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Talking to children about loss of loved one: NSPCC share advice

Following the emotional insight into Rio Ferdinand’s grief following the death of his wife Rebecca on BBC’s ‘Being Mum and Dad’ programme, the NSPCC share some helpful advice on how to talk to children about the loss of a loved one.

rio ferdinand

Following the documentary Being Mum and Dad which featured Rio Ferdinand, Colin Peak, NSPCC Regional Head of Service London and South East, shares this letter, offering advice to parents on how to speak to their children about the loss of a loved one. Ed


Talking to children about grief and loss is difficult for anyone and a recent BBC documentary touched the hearts of millions in its portrayal of one celebrity’s recent personal challenges.

Emotional insight
Being Mum and Dad was an emotional insight into Rio Ferdinand’s grief following the death of his wife Rebecca and – as well as highlighting the emotional difficulties faced by anyone following the loss of a partner – it also raised awareness of the challenges of talking to children about the loss of their parent.

Advice from NSPCC
To help parents broach the subject with their children the NSPCC has put together the following advice:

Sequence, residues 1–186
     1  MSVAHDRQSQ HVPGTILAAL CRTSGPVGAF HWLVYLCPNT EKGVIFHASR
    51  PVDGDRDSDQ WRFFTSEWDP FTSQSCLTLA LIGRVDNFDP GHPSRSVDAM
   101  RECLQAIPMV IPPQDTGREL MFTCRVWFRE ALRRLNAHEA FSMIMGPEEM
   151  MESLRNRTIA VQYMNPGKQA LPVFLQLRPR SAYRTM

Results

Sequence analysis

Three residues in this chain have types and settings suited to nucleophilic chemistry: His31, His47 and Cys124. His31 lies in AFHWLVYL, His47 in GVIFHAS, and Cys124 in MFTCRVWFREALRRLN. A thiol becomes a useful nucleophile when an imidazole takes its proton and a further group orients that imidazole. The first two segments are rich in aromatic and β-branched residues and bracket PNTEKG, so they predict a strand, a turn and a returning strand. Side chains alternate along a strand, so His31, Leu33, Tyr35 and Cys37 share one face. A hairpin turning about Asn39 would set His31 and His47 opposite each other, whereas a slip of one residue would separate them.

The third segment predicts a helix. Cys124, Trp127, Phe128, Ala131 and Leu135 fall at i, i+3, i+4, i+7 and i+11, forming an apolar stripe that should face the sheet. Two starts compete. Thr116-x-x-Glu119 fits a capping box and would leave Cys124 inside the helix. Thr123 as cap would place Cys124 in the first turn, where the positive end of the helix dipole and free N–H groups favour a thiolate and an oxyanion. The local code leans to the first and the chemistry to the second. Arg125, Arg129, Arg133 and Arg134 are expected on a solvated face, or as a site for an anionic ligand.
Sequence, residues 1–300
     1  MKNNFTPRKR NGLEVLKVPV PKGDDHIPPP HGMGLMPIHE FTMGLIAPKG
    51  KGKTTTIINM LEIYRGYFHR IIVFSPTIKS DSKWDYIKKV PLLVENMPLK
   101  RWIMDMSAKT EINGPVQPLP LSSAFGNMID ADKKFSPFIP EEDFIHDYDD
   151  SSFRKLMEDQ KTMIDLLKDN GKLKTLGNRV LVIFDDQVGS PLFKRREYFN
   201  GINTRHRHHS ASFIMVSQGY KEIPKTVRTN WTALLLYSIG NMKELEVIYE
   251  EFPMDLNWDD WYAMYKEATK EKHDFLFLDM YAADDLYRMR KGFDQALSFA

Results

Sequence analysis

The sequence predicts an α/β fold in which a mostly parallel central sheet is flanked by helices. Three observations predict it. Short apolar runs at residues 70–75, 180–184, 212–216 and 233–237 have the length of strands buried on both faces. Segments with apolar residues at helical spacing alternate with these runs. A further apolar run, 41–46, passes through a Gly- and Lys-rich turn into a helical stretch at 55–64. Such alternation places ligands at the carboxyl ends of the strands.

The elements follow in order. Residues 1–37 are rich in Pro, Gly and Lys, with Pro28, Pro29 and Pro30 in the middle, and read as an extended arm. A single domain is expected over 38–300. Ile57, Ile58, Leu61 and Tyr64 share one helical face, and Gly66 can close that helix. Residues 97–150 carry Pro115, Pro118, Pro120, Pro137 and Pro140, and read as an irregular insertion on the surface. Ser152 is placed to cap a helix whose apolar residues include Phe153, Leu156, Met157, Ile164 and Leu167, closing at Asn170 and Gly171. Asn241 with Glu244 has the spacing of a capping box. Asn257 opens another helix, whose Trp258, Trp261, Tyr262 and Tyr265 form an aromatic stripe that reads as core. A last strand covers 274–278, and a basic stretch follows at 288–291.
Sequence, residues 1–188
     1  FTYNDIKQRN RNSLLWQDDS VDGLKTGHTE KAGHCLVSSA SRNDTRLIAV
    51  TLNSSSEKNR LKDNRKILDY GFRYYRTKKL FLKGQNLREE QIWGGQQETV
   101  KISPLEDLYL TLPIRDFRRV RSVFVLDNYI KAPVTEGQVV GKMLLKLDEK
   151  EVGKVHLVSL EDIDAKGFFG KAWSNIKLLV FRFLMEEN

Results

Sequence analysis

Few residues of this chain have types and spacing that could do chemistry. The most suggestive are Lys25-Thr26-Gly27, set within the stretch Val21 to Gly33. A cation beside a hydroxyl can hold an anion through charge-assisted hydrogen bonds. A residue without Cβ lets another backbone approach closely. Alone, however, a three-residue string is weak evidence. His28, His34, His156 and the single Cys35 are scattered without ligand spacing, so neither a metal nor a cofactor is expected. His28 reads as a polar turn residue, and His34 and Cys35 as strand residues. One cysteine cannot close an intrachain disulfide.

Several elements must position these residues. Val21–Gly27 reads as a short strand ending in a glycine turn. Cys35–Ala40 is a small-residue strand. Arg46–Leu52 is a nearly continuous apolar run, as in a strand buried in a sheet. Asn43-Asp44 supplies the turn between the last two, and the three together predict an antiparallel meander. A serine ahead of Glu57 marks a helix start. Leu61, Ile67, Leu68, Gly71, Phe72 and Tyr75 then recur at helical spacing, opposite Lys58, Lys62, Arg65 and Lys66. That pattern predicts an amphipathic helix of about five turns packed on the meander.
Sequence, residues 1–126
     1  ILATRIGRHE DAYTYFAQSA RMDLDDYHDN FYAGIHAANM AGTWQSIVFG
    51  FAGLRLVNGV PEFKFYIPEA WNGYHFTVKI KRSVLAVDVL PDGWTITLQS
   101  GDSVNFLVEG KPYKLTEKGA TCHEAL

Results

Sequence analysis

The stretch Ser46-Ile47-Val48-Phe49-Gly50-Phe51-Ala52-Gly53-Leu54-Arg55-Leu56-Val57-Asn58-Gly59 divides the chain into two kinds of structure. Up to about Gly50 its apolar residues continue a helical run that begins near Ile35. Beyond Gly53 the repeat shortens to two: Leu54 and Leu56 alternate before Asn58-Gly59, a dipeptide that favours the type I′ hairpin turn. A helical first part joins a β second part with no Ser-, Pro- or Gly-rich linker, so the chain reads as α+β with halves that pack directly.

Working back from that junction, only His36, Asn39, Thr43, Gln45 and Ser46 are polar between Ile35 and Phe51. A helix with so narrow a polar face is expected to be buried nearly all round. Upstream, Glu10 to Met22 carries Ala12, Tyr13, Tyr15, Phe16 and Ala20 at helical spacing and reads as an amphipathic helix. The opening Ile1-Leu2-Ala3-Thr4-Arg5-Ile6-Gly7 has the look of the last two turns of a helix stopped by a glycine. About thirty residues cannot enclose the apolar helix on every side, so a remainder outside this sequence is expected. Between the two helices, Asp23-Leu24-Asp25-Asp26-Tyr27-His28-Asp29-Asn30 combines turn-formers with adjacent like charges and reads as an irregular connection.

• Consider where and when you’re going to start the conversation and make it relevant. It could be while watching a TV programme featuring the subject you want to talk about. Special story books about loss are also available.
  • Encourage them to ask questions and be honest about how you feel too.
  • Keep the conversation going by asking them questions. If it does not go as well as you were hoping give it time. They may re-start the conversation with you a few days later.
  • Show that you are listening to them and that you value what they are telling you.
  • Reassure them by letting them know it is normal to feel upset, scared or worried.

Call the helpline
Parents can get help and advice by calling the NSPCC helpline on 0808 800 5000. Children and young people can contact Childline on 0800 1111.

Having difficult conversations is hard, but it can bring you and your child or children closer together and help you to understand each other a bit more.

Image: © BBC

Tuesday, 4th April, 2017 1:07pm

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Filed under: Community, Island-wide, Letter to the Editor

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